Your email is not valid
Recipient's email is not valid
Submit Close

Your email has been sent.

Click here to send another


Today Is the Triangle Fire’s 100th Anniversary

Some readings on its legacy

Print Email
The fire being put out.(Remembering the Triangle Factory Fire)

Take a moment today and remember the Triangle Shirtwaist Fire, the massive Greenwich Village tragedy that, 100 years ago today, killed 146 workers—mostly young women, many of them Jews—and helped spur the United States’s nascent labor movement. Parenting columnist Marjorie Ingall looked at the oft-overlooked complexities of the fire’s legacy, and I reviewed HBO’s documentary about the fire (which is worth your time if you can catch it on re-airing or on-demand).

Also, here is a cool thing: The good folks at Metropolitan Klezmer have recorded a long-lost piece of Yiddish sheet music composed in the fire’s immediate aftermath. And you can listen to it right now!

Elsewhere, the Times’s City Room’s coverage has been gangbusters: Of particular note are the basic summary of what, exactly, went down; a report on the chalky memorial performed each year (including, of course, today); and an incredibly neat look at what was then called the Asch Building, at the corner of Washington Place and Greene Street (less than five minutes’ walk from Tablet Magazine’s offices), compared to what it looks like today.

The Forward also has great coverage, and while some of it mirrors the Times’s, the paper also dug into its archives, translated the Yiddish, and reprinted what the Farverts published 100 years ago: For example, “Triangle Bosses Arrested on Murder Charge” (“The Bolted Lock Is a Mute Witness”).

Of course, no look at how much has changed would be complete without a look at how much has stayed the same. Dissent’s Greg Smithsimon and Forward’s Gal Beckerman both point to the eerie resonances between the Triangle fire and a fatal conflagration that occurred at a garment factory in Bangladesh—last year.

And guess where there remains a thriving garment industry dependent on cheap, immigrant, mostly female labor? That’s right: New York City.

Lost in the Fire [Tablet Magazine]
Triangle Fire: A Half-Hour of Horror [City Room]
In a Tragedy, a Mission to Remember [City Room]
Triangle Bosses Arrested on Murder Charge [Forward]
Mourn and Organize: The Triangle Fire at 100 [Dissent]
For Bangladeshi Garment Workers, It Is Still 1911 [Forward]
Earlier: Documentary Honors Dead with Political Touch

Print Email

Daily rate: $2
Monthly rate: $18
Yearly rate: $180

Tablet is committed to bringing you the best, smartest, most enlightening and entertaining reporting and writing on Jewish life, all free of charge. We take pride in our community of readers, and are thrilled that you choose to engage with us in a way that is both thoughtful and thought-provoking. But the Internet, for all of its wonders, poses challenges to civilized and constructive discussion, allowing vocal—and, often, anonymous—minorities to drag it down with invective (and worse). Starting today, then, we are asking people who'd like to post comments on the site to pay a nominal fee—less a paywall than a gesture of your own commitment to the cause of great conversation. All proceeds go to helping us bring you the ambitious journalism that brought you here in the first place.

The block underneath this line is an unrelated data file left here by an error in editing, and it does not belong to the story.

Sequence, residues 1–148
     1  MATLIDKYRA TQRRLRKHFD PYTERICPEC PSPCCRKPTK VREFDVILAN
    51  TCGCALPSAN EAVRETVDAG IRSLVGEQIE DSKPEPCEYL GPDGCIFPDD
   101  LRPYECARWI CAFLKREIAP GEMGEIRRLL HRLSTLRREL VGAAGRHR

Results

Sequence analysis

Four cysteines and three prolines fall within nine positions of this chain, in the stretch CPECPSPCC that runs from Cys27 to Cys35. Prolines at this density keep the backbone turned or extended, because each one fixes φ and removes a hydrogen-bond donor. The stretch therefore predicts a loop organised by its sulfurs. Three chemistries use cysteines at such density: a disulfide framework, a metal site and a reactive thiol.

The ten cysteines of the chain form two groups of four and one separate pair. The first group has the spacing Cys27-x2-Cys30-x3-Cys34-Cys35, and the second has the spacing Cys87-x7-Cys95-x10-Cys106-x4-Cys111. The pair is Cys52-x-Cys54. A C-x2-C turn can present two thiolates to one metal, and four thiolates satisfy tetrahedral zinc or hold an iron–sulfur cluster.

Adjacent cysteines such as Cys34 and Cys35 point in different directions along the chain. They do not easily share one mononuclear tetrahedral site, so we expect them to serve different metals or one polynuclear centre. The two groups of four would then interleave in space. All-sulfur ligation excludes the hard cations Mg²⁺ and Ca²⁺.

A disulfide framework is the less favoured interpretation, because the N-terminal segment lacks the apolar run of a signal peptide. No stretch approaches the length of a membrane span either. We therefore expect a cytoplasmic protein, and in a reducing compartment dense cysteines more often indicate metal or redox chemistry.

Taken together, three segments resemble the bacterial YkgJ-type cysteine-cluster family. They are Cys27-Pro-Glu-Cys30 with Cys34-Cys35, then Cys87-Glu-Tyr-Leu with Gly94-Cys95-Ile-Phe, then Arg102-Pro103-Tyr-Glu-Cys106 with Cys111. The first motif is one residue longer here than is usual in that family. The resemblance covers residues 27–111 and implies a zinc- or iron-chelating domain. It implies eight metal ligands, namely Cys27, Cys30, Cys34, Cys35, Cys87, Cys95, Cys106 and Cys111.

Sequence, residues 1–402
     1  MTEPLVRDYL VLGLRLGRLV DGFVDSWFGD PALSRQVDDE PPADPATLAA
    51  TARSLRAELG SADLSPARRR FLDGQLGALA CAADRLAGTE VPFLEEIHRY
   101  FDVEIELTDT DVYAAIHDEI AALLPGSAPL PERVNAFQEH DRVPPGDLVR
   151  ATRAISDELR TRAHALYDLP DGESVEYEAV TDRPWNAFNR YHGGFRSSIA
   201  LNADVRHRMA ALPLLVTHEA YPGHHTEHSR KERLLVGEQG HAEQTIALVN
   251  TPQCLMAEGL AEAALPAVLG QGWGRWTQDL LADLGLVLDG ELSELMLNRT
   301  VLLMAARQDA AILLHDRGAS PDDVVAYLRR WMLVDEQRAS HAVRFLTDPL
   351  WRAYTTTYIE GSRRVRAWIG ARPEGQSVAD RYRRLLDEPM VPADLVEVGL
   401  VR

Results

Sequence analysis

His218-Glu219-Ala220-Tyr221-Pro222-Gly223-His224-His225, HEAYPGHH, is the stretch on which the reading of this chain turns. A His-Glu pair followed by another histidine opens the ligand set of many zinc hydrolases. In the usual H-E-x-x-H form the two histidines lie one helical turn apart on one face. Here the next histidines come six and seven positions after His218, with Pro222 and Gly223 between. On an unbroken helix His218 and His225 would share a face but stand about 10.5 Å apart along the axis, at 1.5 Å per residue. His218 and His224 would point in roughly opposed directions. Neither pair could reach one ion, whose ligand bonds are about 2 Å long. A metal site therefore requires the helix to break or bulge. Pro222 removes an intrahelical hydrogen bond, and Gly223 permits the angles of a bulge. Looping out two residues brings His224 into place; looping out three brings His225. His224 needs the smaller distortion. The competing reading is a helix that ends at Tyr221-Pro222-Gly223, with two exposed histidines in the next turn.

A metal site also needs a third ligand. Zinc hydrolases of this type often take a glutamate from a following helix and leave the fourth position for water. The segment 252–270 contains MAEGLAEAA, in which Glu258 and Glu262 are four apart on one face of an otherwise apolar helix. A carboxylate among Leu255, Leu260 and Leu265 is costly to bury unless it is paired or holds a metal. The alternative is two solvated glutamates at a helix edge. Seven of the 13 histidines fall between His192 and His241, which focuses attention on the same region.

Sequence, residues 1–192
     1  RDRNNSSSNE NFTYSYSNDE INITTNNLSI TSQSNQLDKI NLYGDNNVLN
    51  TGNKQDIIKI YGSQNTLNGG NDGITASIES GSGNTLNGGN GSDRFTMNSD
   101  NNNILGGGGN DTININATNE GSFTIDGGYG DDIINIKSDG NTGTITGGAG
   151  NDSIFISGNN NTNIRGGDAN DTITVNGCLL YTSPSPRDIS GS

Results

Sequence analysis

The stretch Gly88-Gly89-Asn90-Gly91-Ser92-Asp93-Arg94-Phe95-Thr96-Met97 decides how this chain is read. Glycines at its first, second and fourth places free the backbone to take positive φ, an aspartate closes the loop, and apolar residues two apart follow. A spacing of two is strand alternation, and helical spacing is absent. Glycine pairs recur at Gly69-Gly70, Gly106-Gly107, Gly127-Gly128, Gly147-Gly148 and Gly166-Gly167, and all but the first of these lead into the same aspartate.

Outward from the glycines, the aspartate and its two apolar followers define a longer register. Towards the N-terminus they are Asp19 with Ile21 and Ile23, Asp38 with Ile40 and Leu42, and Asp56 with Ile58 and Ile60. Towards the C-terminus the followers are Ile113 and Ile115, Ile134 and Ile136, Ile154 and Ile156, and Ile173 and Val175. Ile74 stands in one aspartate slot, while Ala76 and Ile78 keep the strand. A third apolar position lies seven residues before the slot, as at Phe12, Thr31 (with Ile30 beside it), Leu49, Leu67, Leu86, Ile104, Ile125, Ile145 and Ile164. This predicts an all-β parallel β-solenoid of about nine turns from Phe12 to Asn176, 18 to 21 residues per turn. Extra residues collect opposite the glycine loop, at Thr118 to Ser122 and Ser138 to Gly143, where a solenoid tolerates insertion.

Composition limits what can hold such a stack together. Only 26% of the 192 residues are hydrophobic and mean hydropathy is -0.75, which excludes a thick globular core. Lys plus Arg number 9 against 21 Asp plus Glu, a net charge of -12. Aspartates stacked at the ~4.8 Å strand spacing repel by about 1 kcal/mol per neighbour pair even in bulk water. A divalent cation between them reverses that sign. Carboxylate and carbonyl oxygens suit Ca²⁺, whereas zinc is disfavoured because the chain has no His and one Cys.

Readers can still interact with us free of charge via Facebook, Twitter, and our other social media channels, or write to us at Each week, we’ll select the best letters and publish them in a new letters to the editor feature on the Scroll.

We hope this new largely symbolic measure will help us create a more pleasant and cultivated environment for all of our readers, and, as always, we thank you deeply for your support.

I composed a cantata for a quintet THE TRIANGLE SHIRTWAIST FACTORY FIRE based upon Italian and Yiddish musical motifs. Inlcuded int eh Yiddish was the litle known tune “DI FIRE KORBUNES” The Fire Sacrifices. The piece had its premiere at San Diego State University March 23rd and will be performed again in San Diego at Heritage Park Old Town) April 10th at 7pm free to the public. The cantata uses Yiddish, Italian and English recitation as well as songs.


Your comment may be no longer than 2,000 characters, approximately 400 words. HTML tags are not permitted, nor are more than two URLs per comment. We reserve the right to delete inappropriate comments.

Thank You!

Thank you for subscribing to the Tablet Magazine Daily Digest.
Please tell us about you.

Today Is the Triangle Fire’s 100th Anniversary

Some readings on its legacy

More on Tablet:

Obama: Denying Israel’s Right to Exist as a Jewish Homeland is Anti-Semitic

By Yair Rosenberg — The president draws a line in the sand in his latest interview